Published: 16:49, April 1, 2021 | Updated: 20:37, June 4, 2023
Israel polls: Why an Arab Israeli is the nation's key figure now
By Bloomberg

Mansour Abbas, head of Israel's conservative Islamic Raam party, speaks to a crowd during a political gathering to congratulate him on the electoral victory in the northern Israeli village of Maghar on March 26, 2021. (PHOTO / AFP)

Dr. Mansour Abbas, a small-town dentist from the Galilee, cuts an unusual figure for an Israeli king-maker. A devout Muslim, he dresses in a simple style, lacks charisma and speaks softly. But in the aftermath of last week’s election, which ended in a near tie between the pro-Netanyahu and anti-Netanyahu blocs, Abbas carries a very big stick.

Or maybe it is magic wand. Improbably, Abbas, whose United Arab List (UAL) won four seats in the new Knesset, may pick the next prime minister of the Jewish State.

No Arab politician has managed to make a non-Jewish, non-Zionist party kosher. None has even dreamed of it.

But Abbas is an Israeli, and not just in name. Like the other Arab members of the Knesset, Abbas recently voted against the Abraham Accords, peace deals signed by Israel with four Arab countries.  But unlike his rivals, he refrained from emotional denunciations. “What truly matters,” he said, “is that we are Israelis, and our actions are not supposed to be influenced by whether there is peace with Bahrain.”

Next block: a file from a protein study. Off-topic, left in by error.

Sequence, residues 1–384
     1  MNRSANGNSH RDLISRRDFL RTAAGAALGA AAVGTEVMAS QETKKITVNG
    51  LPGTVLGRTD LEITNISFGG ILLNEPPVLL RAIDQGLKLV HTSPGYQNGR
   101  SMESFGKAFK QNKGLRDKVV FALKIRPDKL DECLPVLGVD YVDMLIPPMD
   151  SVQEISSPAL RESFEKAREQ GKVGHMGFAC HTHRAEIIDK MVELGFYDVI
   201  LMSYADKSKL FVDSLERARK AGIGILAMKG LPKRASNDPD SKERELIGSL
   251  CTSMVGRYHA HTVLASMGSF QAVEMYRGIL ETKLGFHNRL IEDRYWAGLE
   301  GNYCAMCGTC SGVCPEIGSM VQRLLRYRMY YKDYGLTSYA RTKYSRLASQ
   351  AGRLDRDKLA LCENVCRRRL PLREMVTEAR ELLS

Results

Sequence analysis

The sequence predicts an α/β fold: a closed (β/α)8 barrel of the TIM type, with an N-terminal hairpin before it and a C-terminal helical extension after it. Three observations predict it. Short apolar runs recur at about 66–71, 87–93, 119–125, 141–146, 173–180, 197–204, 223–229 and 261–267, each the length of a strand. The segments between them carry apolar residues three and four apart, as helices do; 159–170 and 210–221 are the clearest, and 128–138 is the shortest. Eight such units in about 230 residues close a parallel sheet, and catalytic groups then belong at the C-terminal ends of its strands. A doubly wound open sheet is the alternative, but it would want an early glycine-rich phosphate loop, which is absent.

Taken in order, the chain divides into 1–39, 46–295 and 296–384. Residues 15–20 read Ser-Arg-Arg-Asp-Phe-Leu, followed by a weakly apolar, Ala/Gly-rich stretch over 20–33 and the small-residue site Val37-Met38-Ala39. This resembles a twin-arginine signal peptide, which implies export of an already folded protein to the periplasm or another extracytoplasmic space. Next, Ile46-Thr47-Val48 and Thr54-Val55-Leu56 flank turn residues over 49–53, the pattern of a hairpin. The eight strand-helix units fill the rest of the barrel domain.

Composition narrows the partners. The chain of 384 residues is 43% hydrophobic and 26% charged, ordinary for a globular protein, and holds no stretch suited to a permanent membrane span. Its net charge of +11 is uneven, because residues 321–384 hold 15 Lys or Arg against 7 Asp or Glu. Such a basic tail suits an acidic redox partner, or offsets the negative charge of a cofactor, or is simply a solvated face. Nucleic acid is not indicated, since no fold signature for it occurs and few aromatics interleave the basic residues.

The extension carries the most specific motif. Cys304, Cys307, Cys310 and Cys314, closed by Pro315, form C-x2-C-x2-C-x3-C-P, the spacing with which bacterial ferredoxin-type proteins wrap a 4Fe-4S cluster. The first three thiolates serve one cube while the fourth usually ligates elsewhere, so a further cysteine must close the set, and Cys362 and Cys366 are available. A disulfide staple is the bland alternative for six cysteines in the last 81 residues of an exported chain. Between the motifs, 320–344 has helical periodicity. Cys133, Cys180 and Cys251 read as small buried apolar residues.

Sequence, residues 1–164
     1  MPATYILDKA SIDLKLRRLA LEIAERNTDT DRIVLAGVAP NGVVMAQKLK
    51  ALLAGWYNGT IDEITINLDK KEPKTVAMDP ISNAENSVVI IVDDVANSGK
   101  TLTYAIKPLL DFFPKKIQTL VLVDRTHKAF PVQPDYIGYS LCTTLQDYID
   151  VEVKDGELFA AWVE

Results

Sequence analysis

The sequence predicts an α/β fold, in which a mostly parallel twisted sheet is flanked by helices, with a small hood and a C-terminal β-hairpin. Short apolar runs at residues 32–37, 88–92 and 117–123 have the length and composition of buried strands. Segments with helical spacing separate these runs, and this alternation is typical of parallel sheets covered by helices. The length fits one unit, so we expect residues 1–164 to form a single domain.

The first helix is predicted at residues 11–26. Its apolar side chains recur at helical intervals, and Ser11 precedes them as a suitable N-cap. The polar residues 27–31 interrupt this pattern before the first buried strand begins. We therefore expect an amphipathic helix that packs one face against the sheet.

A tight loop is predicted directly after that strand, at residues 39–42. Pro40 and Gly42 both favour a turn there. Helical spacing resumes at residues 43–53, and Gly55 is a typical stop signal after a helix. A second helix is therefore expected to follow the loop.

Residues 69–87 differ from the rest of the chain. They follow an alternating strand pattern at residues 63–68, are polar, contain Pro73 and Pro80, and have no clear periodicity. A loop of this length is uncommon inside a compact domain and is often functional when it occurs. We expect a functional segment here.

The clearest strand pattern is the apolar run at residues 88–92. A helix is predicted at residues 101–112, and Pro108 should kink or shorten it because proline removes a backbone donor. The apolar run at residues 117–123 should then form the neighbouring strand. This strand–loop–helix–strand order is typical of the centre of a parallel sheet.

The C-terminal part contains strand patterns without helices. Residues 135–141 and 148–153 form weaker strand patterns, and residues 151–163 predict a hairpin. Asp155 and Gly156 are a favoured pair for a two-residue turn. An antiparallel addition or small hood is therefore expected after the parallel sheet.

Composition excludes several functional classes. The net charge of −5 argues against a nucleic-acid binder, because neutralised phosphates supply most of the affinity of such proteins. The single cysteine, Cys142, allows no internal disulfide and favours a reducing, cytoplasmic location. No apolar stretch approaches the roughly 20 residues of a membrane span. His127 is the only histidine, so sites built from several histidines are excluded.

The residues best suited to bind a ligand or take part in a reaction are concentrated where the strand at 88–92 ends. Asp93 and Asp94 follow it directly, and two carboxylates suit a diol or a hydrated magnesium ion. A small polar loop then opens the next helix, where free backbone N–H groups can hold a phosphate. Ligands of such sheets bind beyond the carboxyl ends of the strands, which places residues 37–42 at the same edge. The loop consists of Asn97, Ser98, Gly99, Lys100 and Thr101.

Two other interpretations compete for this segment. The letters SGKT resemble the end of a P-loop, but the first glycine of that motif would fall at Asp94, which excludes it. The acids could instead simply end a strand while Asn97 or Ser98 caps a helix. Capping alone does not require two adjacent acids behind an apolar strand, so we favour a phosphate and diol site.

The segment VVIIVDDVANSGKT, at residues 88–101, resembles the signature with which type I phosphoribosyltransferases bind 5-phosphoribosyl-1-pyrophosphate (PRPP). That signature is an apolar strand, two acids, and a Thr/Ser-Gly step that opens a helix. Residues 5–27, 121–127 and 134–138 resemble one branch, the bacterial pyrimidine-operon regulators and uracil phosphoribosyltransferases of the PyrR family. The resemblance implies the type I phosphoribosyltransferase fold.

For decades, Arab politicians here have insisted that their primary identity is as Palestinians who happen to hold Israeli citizenship.  Their loyalty to their people -- whose cause includes establishing a separate Palestinian state and the delegitimization of Israel as a Jewish state -- has been vocal and highly charged. Such rhetoric, and the vaulting geopolitical demands that accompany them, has made anti-Zionist politicians politically untouchable to the vast majority of Jewish voters and a non-factor in successive governments.

Abbas is not a Zionist. His party has roots in the worldwide Muslim Brotherhood, a powerful Islamist organization founded in Egypt. But when it comes to politics, ideology is not his thing. The campaign he ran, and the demands he is now raising in coalition talks with both the Likud and the anti-Bibi bloc, are kitchen table issues for Israeli Arabs.

Improbably, Mansour Abbas, whose United Arab List (UAL) won four seats in the new Knesset, may pick the next prime minister of the Jewish State

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First and foremost, he wants effective intervention by the national police against rampant criminal and intra-family violence in the Arab community. He is asking for more government spending on education and welfare, greater access to the job market, increased building permits and less restrictive town planning in Arab towns and cities and legal status for Bedouin encampments in the Negev hinterland.  In short, he is calling for greater inclusion in the Israeli mainstream, and the benefits that come with it. Winning major concessions on these and other domestic issues would make him the first Arab politician who actually matters in Israel.